Clinical trial sponsors must consider pandemic burnout - MedCity News

Never before have clinical researchers had more choices in study design. As technology advances, companies send more notifications, collect larger amounts of data, and add more apps, wearables, and ePROs to surveys. But researchers should be mindful of the fact that many potential participants are dealing with burnout and uncertainty after more than two years of living in a pandemic.

During the pandemic approx four out of ten adults in the US reported symptoms of an anxiety or depressive disorder, a significant increase from one in ten adults who reported these symptoms from January to June 2019. And for patients suffering from new health problems or struggling with existing conditions, the pandemic has caused delayed diagnoses, postponed surgeries and more uncertainty.

In general, many potential participants are tired and stressed. Some may even worry about adding another commitment by joining a clinical trial. Therefore, research studies should prioritize simplicity, authenticity, and practicality to gain patient trust for better enrollment and retention.

Human-centric recruiting and enrollment

Informed consent should not be read as a doctorate. thesis. It should be simple, most likely in the form of eConsent using a phone, tablet or computer. This remote approach lowers barriers to enrollment by reducing travel costs, eliminating potential exposure to Covid-19 risks, and allowing participants greater flexibility with their schedule. Increases understanding and retention of information as complex procedures or investigational treatments can be shown visually and explained aloud. It allows study participants to choose their preferred learning method and features can be included to support vulnerable populations (eg visually impaired, pediatrics).

eConsent also simplifies recruitment efforts by reaching and engaging with patients on the platforms they use. Social media platforms such as TikTok, Snapchat, and Instagram have user-friendly advertising interfaces that position recruitment materials in front of a larger portion of eligible participants. Clinical investigators can streamline their search efforts to speed up efforts to identify the right participants.

A decentralized approach to recruitment may reach underserved minority populations that are underrepresented in clinical research. This supports the recruitment of remote study staff who are representative of the patient population or who have experience in cultural competence in communicating scientific concepts to populations who have experienced deprivation of autonomy. Using video chat, staff can guide participants through the informed consent process. eConsent offers greater engagement with the consent process and can offer participants empowerment, ownership, and autonomy—often a significant step in overcoming reluctance to join a study.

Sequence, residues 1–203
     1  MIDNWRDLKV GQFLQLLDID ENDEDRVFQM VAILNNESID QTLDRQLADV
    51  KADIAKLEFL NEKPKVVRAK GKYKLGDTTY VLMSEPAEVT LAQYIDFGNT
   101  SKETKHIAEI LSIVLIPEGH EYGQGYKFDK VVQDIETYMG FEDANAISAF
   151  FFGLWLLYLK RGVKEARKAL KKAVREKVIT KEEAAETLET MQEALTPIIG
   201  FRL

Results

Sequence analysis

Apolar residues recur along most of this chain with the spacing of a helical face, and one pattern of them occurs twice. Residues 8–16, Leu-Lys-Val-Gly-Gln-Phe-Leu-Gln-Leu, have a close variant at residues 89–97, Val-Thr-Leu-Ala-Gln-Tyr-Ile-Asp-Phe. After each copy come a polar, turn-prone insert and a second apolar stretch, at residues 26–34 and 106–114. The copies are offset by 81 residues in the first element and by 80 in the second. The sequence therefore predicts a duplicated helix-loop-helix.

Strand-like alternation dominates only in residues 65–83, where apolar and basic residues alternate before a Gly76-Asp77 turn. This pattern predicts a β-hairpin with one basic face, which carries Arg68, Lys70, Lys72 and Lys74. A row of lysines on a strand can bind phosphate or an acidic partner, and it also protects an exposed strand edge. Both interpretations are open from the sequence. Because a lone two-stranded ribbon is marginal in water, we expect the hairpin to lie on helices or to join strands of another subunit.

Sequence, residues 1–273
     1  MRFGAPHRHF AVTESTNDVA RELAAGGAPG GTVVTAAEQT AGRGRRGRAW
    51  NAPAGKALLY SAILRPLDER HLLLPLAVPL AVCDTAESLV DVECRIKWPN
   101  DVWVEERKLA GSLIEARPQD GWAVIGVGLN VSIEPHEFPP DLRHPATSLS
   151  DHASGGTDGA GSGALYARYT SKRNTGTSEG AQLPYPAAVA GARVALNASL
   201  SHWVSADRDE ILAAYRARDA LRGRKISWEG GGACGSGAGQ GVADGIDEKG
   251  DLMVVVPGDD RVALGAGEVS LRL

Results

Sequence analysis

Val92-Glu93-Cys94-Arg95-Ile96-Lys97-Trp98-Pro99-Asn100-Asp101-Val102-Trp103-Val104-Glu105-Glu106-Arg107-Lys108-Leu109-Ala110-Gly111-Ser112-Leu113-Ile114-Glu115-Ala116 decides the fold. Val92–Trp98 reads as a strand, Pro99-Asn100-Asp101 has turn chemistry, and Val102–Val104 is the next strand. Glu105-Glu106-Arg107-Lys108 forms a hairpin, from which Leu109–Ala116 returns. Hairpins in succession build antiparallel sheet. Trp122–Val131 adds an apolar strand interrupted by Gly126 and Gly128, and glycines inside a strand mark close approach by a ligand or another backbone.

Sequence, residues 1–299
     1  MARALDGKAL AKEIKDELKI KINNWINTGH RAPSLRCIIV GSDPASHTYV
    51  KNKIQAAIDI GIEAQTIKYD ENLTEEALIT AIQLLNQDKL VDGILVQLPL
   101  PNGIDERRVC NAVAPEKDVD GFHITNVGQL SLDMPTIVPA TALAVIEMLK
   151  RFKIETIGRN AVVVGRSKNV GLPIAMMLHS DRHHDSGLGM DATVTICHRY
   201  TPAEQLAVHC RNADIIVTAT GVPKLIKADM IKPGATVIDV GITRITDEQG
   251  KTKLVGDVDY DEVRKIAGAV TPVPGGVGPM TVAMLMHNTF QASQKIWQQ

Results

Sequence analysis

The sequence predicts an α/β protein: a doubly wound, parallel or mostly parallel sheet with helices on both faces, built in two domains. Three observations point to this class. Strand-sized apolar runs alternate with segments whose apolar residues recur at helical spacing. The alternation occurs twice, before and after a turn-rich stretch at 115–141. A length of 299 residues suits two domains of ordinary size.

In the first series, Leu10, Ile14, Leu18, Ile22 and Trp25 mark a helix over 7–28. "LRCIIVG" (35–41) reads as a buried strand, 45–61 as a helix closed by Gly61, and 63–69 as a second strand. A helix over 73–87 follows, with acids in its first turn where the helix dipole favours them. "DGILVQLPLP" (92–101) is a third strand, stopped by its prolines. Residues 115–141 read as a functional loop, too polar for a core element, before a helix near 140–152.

Technology consolidation for improved patient data

Another key to streamlined, patient-centered trials is automation. In particular, APIs can overcome the need for patients to juggle multiple applications. Researchers should explore intuitive software that offers an excellent user interface and useful features. This has previously been a challenge as the regulatory environment and development have created a very commercialized environment with research tools that are more similar than different. But now innovative companies are offering new solutions – and researchers must choose the optimal research platform that offers the best patient experience while maintaining quality clinical research.

Another way to use technology to improve the participant experience is direct-to-patient devices. Sending participants to a Bluetooth-connected medical device delivered with a phone pre-installed with an appropriate telehealth product for easy visits is one idea. This approach also helps to streamline the study site, as sending participants pre-configured devices (rather than BYOD models) reduces the need for help desk staff. Ideally, participants should use the provided device or phone for various tasks within the study, such as reporting results and communicating with researchers.

Using rear wheel drive power

Real-world data will play an even bigger role in clinical trials in the near future – to the benefit of all involved. If a researcher can show that a single measurement (eg, heart rate) can infer the same as a more complex measurement (eg, electrocardiogram), this paves the way for further simplification of study design. For example, if a study involves a chronic condition that the participant needs to see a doctor to manage, such as blood pressure, then real-world data from the doctor’s office can be used for the study, rather than taking the same measurement twice times. In other cases, participants may use a wearable device to collect and transmit data to the study site in real time. This kind of efficiency can increase both enrollment rates and retention rates in studies and allows more data to be consistently collected.

Let’s push for simple, authentic and practical studies – and give participants a break! Let’s meet people where they are and put their needs first. By doing this, we will recruit more participants and hopefully keep them engaged and retained throughout the study. Let’s work together to develop new cures for a better tomorrow.

Photo: undefined undefined, Getty Images

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